She broke no laws. For crying out loud, while she was using a private server, government email systems were being hacked all over the place. Hers? Not at all.
Yes, she deleted her personal emails. Think about it: Would you want everyone rummaging through your personal emails? I wouldn’t.
Have we come to the point that public figures are not allowed to have a private life at all?
And I have to wonder, what would be echoing across the media desert now if she had used two emails? One for personal correspondence and one for professional? I suspect the same people would still be speculating that she was trying to “hide” something by having two emails. Because, you know: Clinton Rules. How much would she have to prove that she didn’t conduct any government business using her private account? I venture it would be the same.
And another question. She was Secretary of State for four years. Certainly the people screaming the loudest now about her private server received emails from her during those four years. Her email extension was no secret. Why no questions then? Oh. Right. She wasn’t doing anything wrong. But now, she wants to be President. And She Must Be Stopped
She has asked that all her professional emails be released – hence the review to make sure that there is nothing sensitive in them. “Sensitive” should not be misconstrued as “classified.” Any classified and/or top secret information and communications came through an entirely different system. In government, be it federal, state or local, lots of documents that were originally NOT deemed classified when distributed among government officials, is often reclassified or redacted when distributed to the public. Ask anyone who has ever made a request through the Freedom of Information Act. The information redacted or classified after the fact is not “top secret.” It is information that might prove embarrassing for an ally or someone else.
And yet, we’ve got the press not letting this go – smearing Hillary by innuendo and rumor. At the same, no similar questions have been asked of Jeb Bush’s email habits while governor of Florida, nor the GW Bush’s use of the RNC email system for their government communications. Why is that?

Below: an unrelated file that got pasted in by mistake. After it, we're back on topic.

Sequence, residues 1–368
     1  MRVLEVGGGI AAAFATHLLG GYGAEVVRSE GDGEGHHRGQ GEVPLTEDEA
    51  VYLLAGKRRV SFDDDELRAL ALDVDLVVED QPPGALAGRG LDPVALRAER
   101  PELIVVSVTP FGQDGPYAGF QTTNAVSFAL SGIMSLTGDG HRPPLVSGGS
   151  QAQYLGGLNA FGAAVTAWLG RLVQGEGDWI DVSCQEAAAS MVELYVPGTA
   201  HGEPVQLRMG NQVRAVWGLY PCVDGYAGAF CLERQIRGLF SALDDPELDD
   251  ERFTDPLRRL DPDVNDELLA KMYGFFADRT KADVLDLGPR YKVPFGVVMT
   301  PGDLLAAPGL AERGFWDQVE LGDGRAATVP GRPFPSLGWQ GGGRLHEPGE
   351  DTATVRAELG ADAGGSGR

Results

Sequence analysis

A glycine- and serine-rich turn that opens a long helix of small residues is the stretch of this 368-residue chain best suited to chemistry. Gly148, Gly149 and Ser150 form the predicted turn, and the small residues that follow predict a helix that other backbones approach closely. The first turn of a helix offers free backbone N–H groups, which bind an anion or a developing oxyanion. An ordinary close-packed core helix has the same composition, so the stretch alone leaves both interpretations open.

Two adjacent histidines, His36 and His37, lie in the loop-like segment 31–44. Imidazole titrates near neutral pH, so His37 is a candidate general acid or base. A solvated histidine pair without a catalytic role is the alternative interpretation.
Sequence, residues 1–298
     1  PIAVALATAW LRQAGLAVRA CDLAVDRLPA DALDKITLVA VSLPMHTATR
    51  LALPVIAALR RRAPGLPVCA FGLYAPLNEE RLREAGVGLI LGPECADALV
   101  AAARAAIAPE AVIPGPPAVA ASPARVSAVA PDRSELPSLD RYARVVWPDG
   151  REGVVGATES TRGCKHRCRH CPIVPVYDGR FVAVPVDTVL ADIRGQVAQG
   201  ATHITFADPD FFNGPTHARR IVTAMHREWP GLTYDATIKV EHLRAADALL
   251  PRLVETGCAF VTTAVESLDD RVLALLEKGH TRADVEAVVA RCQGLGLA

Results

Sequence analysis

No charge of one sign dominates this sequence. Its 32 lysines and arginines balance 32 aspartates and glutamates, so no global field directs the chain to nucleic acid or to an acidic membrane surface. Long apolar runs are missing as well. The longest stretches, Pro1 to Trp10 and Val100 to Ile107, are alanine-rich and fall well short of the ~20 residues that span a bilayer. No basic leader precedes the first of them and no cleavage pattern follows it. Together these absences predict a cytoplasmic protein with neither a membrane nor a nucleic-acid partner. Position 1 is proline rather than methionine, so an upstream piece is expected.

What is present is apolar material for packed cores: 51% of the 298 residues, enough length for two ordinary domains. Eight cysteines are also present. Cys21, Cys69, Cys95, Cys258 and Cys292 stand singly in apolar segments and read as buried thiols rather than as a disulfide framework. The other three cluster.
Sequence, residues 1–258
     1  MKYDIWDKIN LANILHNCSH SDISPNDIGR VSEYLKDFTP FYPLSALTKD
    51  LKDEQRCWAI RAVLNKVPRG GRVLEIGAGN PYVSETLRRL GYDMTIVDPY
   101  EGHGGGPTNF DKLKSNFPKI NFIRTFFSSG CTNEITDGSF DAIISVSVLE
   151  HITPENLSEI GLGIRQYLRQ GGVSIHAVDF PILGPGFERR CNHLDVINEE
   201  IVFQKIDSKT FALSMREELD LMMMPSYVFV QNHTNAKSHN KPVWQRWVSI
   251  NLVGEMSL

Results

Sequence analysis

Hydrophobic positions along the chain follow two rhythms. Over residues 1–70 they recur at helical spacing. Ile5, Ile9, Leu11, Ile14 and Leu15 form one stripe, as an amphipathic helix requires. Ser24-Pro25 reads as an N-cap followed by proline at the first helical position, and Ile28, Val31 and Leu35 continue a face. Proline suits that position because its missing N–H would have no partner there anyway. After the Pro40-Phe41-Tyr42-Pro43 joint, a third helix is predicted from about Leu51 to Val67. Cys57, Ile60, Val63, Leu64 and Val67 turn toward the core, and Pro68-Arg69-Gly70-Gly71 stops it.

No, Peter, you’re not the only one.. I, too, remember the 2004 swiftboating of John Kerry and am having horrible deja vu.
Wolf Blitzer’s Outrageous Attack: Why Hillary Needs an Army of Digital Defenders (Peter Daou)
One of those media offenders was CNN’s Wolf Blitzer, the same Wolf Blitzer who just spent an entire segment discussing with a Republican guest whether Hillary Clinton had committed a felony or a misdemeanor by using a private email server. This, without a single allegation of criminality or a scintilla of evidence supporting those claims.
Blitzer follows in the footsteps of the New York Times and other major media outlets, whose pathological need to bring down the most popular and powerful woman in American politics has undermined any claim to real journalism in the 2016 race. Another egregious example is Bob Woodward on MSNBC’s Morning Joe comparing Hillary’s emails to Watergate.
The irresponsibility and journalistic turpitude of speculating about criminal charges where none exist boggles the mind. Imagine pondering on the air what charges Jeb Bush would face if he shot someone. On what grounds and by which standards does Blitzer allow an unfettered discussion of a felony by Hillary Clinton? This is not reporting facts, it is hardly reporting at all, it is indoctrinating the public by innuendo. It is smearing Hillary’s image by planting negative thoughts in the minds of voters.
[ . . . ]
When I referenced PTSD at the top of this piece, it was less about the media’s behavior and more about the lack of a robust defense of Kerry. At the time, the Democratic establishment was in the dark about the strategy and ramifications of swiftboating.
[ . . .]
The Kerry campaign, Democratic Party, surrogates and supporters failed to hold the media accountable for their role in propagating the attacks against him.
Analogously, it is astonishing that in 2015, with a vast array of digital tools at our disposal, Hillary doesn’t have 10,000 supporters immediately expressing outrage at Blitzer’s unacceptable segment.
[ . . .]
Hillary cannot directly engage every reporter and every publication when they smear her. Her campaign can’t get caught up in endless spats with the press. It is the job of supporters, donors, outside groups, surrogates, and party leaders to build the army of digital defenders that Hillary needs.
I’ll keep trying. But we need voices louder than mine.